Foxx was ushered into the house, reprimanded for not having a tux, and then given one from a massive closet. As he sat down to play, the head of the household and his friends told one racial joke after another, and at the end of the night, Foxx went to give the tuxedo jacket back. "When I ... handed it to him, he said, 'I can't wear that jacket now. Keep it.'" Foxx said that it always left him wondering: "What is it about me being born that bothers you so much?"

He was there for his grandfather's death

Jamie Foxx was raised by Mark and Estelle Talley, who were the adoptive parents of his mother, Louise. He credited them with a lot, from his work ethic to his devotion to his family, his sense of community, and his success. In Anne M. Todd's biography, "Jamie Foxx," it's detailed how even though the couple worked long, grueling hours, they always had time to invest in the next generation, from teaching the neighborhood kids to read to making sure Foxx was always signed up for piano lessons. He credited those early lessons for kick-starting his love of music and ultimately his career, but it's not an unconditionally happy story.

Dealing with the death of a loved one is one of the most difficult things a person has to do at any age, and Foxx was just 17 years old when his grandfather died after an unspecified illness. He was there at the end of his grandfather's life, in fact, and although he attempted to resuscitate him, his efforts were in vain.

It was his final year in high school: Not only was he dealing with the loss himself, but he was watching his beloved grandmother deal with it, too. A year after his grandfather's death, he graduated high school. Neither of his parents went to the graduation ceremony.

A spiked drink left him struggling with after-effects for years

Life can be a terrifying thing, and Jamie Foxx found that out the hard way when someone spiked his drink at a college party. He spoke with The Daily Mail in 2009, around the release of his film "The Soloist," and he was candid about the fact that he'd started hearing voices while filming. He explained that his doctor had told him the extreme weight loss he'd undergone for the role could have kick-started the effects of the PCP that was still in his system, and had been since that awful college night.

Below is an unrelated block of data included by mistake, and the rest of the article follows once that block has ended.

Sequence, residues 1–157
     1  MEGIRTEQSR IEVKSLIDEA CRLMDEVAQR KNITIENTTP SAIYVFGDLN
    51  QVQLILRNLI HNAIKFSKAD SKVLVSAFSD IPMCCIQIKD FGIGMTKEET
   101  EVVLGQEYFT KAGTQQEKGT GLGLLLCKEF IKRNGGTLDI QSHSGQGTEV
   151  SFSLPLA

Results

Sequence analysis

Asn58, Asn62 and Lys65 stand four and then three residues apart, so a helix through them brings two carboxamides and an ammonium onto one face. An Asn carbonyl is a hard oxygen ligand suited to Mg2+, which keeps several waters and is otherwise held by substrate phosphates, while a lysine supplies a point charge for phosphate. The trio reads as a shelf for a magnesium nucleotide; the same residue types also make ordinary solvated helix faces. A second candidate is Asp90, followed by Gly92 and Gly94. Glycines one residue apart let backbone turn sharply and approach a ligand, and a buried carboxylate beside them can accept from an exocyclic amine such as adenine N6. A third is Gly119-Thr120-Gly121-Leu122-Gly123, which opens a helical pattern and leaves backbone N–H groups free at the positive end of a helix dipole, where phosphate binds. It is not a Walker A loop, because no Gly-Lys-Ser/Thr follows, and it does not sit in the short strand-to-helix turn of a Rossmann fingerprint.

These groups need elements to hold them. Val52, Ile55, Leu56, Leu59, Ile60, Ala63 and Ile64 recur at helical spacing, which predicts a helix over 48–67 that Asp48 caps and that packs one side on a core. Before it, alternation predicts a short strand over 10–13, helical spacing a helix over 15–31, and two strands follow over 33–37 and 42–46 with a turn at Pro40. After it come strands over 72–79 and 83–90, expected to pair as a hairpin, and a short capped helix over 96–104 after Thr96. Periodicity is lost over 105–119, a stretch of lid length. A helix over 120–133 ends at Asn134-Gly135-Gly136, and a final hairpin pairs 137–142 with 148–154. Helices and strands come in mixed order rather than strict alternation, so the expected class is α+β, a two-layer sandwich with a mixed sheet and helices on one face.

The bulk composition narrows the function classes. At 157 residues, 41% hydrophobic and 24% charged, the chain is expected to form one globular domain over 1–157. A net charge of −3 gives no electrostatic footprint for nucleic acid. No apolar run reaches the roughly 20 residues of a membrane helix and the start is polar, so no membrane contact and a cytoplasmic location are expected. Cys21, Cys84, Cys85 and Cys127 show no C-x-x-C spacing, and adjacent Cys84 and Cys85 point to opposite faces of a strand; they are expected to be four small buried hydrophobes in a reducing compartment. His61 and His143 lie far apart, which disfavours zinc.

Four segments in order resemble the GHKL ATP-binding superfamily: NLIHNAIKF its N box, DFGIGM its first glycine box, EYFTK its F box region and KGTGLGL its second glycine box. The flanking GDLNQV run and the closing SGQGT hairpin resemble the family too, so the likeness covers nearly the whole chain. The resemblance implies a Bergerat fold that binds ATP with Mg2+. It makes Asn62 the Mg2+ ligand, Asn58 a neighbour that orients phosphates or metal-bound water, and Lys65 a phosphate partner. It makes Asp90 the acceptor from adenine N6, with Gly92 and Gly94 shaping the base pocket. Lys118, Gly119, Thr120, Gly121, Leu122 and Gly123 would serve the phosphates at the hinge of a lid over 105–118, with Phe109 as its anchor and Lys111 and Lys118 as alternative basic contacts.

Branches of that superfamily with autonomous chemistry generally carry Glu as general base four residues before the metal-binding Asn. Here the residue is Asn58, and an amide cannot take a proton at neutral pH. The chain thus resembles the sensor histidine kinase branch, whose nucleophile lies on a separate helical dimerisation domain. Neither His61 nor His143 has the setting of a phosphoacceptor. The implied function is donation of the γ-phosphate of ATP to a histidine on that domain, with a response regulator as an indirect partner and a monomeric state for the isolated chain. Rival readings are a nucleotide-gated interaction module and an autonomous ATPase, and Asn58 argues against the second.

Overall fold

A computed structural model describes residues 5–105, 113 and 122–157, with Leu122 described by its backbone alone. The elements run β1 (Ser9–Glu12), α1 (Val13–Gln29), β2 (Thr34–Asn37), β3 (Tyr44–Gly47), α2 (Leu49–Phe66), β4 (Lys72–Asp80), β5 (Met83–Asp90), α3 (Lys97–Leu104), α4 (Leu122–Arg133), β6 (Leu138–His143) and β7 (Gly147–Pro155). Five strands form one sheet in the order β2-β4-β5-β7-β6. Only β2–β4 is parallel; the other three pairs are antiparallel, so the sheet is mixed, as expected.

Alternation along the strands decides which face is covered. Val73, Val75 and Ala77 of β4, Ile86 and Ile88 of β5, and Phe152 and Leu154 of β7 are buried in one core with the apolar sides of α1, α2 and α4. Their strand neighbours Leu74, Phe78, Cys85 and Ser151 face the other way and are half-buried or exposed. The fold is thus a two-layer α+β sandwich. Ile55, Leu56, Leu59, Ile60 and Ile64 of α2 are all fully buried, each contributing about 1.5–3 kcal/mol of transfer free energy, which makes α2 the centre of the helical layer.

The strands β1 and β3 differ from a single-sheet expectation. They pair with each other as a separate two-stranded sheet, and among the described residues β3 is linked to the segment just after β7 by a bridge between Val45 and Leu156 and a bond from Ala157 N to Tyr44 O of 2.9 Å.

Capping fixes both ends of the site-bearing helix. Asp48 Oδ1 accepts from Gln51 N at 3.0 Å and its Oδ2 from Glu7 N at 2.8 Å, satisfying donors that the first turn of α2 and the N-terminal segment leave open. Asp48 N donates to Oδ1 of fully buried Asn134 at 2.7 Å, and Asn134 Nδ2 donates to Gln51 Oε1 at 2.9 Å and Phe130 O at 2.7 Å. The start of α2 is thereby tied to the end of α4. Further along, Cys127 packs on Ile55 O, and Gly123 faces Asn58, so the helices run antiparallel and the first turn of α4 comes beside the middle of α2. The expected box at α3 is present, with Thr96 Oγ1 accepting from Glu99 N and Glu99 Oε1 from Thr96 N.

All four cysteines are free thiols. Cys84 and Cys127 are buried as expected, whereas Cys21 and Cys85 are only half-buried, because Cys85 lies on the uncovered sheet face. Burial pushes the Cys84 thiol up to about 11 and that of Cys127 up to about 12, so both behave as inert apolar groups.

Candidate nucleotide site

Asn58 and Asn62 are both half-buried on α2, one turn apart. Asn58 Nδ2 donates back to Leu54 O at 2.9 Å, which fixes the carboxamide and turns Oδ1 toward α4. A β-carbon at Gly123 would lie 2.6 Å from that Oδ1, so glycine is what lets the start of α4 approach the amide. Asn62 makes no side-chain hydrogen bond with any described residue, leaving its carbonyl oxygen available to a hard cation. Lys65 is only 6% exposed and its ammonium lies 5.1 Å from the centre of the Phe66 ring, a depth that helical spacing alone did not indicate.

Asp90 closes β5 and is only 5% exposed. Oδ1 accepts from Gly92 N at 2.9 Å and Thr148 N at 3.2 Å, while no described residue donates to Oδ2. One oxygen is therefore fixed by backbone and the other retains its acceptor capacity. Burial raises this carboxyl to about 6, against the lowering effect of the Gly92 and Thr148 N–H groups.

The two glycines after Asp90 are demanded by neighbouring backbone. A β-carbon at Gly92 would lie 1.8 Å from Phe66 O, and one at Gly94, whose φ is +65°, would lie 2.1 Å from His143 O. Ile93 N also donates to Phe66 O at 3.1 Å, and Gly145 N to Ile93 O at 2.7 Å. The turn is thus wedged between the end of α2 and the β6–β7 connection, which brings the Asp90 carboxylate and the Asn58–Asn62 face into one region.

Foxx recalled that he had been drinking whiskey when suddenly, "I knew something was wrong. ... I was almost in a coma, and I couldn't move, couldn't talk, couldn't even say, 'Take me to the hospital.'" Fortunately, he wasn't alone — he was taken to the emergency room, and found out that his drink had been spiked. He had active and frequent flashbacks for nearly a year afterward, saying a friend stayed with him during the worst times. "I was afraid of the dark, and he would talk to me every night and calm me down and say stuff like, 'You're OK, the demons aren't real.' He saved my life."

The flashbacks got fewer and farther between, but Foxx said that they'd lasted into his 30s. Even though they'd stopped, he added, "I always worry about it coming back."

His world changed with the death of his grandmother

Jamie Foxx sat down to talk to Entertainment Weekly about his grandmother, and the love and admiration are clear: "Come up by myself, I didn't have a crew. My grandmother was my crew," he said. He credited her with raising him, protecting him, and allowing him to become the person he grew up to be, and that's powerful stuff.